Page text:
Bill Mauldin had long derided as “brass” those like Patton who used their positions of power to aggrandize themselves. Indeed, Mauldin became something of an expert on brass, defining it not as rank or office, “but a state of mind.” “Brass,” he wrote several years after the war, “is an alloy which knows it is not gold, and mistakenly tries to hide this fact by polishing itself to a high shine which removes it even farther from the true mellow, dull twenty-four-carat glow.”
By this definition, Lucian Truscott’s Memorial day performance was pure gold. Before a crowd of army luminaries and VIPs from the States, including several U.S. senaors, General Truscott climbed onto the speaker’s platform and turned his back on the audience; his address, he informed the crowd, was for those lying beneath the endless rows of graves in he sandy soil of the Anzio beachhead. “It was the most moving gesture I ever saw,” said Bill.
The general’s comments were brief and poignant. He apologized to the men arrayed before him for sending them to their deaths. It was his fault, he said, and the fault of all those commanders who order men into battle. He had made mistakes, the general admitted, and those errors had cost lives. He did not expect to be forgiven. Then, as if speaking for Bill, Truscott rejected the usual platitudes about the honor and greatness of dying for one’s country. “Truscott said he would not speak about the glorious dead,” Bill recalled, “because he didn’t see much glory in getting killed in your late teens or early twenties. He promised that in the future if he ran into anybody, especially old men, who thought death in battle was glorious, he would straighten them out. He said he thought it was the least he could do.”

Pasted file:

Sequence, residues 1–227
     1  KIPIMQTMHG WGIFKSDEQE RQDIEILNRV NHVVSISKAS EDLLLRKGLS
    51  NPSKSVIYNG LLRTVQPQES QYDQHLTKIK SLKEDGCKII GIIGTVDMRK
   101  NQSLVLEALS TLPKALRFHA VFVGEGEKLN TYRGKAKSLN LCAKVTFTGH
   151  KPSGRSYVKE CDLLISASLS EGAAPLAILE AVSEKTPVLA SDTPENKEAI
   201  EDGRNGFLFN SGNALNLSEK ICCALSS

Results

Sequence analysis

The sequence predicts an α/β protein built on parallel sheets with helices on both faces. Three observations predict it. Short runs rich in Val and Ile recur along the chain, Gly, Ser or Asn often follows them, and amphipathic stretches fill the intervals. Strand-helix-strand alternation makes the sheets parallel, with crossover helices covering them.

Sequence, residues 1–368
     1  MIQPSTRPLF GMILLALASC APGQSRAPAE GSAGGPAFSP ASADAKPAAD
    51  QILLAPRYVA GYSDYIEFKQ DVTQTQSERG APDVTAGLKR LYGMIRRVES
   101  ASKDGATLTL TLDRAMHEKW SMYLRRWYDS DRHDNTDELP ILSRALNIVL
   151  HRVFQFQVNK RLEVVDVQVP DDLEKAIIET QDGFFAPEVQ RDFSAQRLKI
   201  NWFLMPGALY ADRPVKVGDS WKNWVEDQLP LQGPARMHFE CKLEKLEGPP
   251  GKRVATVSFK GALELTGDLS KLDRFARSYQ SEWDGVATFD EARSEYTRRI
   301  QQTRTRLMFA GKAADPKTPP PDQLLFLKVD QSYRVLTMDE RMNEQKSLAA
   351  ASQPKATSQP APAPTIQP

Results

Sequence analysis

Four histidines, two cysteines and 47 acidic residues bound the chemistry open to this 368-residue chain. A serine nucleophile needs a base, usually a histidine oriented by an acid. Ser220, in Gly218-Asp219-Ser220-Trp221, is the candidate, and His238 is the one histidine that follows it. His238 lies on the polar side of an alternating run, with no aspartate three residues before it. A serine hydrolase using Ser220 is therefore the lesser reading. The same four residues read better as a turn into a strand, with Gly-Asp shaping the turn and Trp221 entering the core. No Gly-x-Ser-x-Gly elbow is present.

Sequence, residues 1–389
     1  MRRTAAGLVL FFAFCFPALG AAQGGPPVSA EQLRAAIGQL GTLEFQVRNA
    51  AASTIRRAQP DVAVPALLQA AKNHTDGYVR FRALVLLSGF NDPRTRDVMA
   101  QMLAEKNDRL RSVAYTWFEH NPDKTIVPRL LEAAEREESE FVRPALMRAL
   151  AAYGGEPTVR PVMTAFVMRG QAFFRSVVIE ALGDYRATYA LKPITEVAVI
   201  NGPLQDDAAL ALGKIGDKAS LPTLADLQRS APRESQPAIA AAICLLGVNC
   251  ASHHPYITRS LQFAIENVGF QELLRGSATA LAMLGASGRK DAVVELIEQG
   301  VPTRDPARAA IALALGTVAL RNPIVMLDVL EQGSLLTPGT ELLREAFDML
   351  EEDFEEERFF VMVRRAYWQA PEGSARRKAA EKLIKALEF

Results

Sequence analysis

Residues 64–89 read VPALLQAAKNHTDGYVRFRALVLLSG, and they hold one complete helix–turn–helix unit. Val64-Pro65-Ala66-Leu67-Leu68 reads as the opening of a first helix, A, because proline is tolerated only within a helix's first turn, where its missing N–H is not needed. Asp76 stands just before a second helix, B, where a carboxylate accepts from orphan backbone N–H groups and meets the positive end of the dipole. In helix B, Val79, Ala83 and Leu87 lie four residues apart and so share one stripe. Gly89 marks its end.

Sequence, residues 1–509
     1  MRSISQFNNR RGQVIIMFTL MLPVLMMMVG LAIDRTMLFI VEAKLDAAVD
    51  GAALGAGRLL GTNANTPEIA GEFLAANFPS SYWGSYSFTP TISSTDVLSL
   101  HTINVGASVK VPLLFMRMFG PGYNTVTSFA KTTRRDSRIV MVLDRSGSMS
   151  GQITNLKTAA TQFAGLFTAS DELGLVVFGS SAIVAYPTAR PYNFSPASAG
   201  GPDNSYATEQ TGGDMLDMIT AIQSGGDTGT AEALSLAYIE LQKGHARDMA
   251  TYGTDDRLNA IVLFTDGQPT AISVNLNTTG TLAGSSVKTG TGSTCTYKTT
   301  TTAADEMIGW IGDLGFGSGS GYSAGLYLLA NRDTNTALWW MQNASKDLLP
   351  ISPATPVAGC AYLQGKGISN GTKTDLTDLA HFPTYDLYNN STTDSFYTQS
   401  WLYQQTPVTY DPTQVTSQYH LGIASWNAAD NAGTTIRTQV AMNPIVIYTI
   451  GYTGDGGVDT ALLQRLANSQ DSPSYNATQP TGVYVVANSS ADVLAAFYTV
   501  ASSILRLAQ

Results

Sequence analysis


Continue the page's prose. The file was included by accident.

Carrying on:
—Todd DePastino, from Bill Mauldin: A Life Up Front